[laughs] You are lazy or you are scared. We are out here, definitely not lazy. We are not scared to get up and on a roof. [Olivia] climbs out on god knows what kind of angles, on ledges and everything else. I’m holding her by her belt loop while she fills that last little spot in. Totally committed.
What’s the highest you could go without getting nervous? Nine stories? Ten stories? [Laughs] Tell the truth Dave…
It’s all relative. It could be two stories but [if] it’s super windy and I am on a lift, I’m going to be sketched out. It all depends on the situation. I could be eight stories [up] but on some firm shit, [and] I will be fine. You know what I mean? Let me put it this way. We are in New York City on 60 foot booms, one of them might have been 80–the ones with the big off road tires, the big heavy ones–and up in the air four stories and it was windy. I didn’t trust that boom at all. [laughs] I was turning around all slow, turning the knob real slow.
Don’t they give you a belt or something when you are that high?
What difference does that make? What’s that going to do? If you are in the thing when it falls… I am going to try to get out if I can. I mean if it’s falling, I’m going to try for the grass. I am going to try to jump as soon as I can.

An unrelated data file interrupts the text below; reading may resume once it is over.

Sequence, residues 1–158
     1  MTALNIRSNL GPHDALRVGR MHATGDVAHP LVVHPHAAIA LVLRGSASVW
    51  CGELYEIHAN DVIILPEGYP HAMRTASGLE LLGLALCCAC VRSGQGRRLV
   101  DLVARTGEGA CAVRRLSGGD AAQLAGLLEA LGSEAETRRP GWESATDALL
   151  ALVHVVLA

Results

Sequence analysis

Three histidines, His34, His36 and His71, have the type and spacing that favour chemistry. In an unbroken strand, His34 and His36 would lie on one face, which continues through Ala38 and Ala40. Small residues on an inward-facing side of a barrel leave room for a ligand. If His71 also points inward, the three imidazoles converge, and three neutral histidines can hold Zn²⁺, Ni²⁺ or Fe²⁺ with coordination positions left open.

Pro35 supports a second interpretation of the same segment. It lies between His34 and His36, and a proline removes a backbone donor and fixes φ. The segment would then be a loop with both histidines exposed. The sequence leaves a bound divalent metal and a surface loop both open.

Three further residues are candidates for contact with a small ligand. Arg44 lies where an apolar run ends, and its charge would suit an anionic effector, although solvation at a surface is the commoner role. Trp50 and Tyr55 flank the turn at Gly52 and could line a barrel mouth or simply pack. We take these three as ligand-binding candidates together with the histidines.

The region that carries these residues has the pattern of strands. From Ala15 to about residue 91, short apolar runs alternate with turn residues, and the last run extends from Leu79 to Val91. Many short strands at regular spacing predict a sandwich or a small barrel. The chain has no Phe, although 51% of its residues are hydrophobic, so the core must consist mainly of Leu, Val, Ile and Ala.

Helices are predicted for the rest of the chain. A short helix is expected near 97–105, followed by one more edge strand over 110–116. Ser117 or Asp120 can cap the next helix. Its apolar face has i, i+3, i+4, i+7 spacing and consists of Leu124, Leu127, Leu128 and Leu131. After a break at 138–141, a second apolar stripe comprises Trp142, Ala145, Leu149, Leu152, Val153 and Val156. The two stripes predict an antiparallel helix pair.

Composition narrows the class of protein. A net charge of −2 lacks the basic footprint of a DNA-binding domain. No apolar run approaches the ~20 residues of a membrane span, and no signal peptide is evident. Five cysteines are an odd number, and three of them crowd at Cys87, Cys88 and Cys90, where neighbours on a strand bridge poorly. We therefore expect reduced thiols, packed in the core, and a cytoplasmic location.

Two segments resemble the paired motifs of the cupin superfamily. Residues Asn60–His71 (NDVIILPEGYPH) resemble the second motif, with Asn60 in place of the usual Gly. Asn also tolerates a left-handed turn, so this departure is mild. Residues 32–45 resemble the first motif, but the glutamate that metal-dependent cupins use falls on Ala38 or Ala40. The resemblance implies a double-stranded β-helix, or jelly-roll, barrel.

[laughs] Obviously you have had time to think about this… he already has a plan.
I would jump in a tree if it would save my life.
Oh yeah, I think anybody would. You bring up a good point–obviously, if you are belted to it, you are going to fall together.
If you can get away from it and have a soft landing somewhere, it’s possible. It could hang up on a tree, and then it stops falling and you can go for that “oh fuck, now there’s my chance” moment, and you jump out and grab a branch.
[Laughs] You just glide off like a squirrel.
[Laughs] It’s like, “Splat!” And then you just hold on and wait for someone to come get you.
While yelling out, “Olivia!”
I don’t want to go down with it. You will get fucking smashed.
When did you know you were going to do art for a career? High school? Middle school?
I remember thinking, “If nothing happens with this, at least I will get a job at somewhere good from doing my own thing.” That was my mentality back in the day. If it fails, it will at least land me in some big corporation design firm and I will be all right. But it didn’t–I have been doing my own thing the whole time instead.
So you didn’t want to work for another company?
Well, I had to at first. It’s not that I didn’t want to, but I like doing my own thing.
You got started working with Shorty’s?
I met Tony [Buyalos, owner of Shorty’s Skateboards] when I moved to Santa Barbara. That was 1991. I was a hired hand in the skateboard world. All I was doing was skateboarding, hanging out, and having a good time. I wasn’t thinking about the future. Still not worried about it. I am a worried person, but it’s not any one particular thing, it’s all of it all together. Am I saying too much?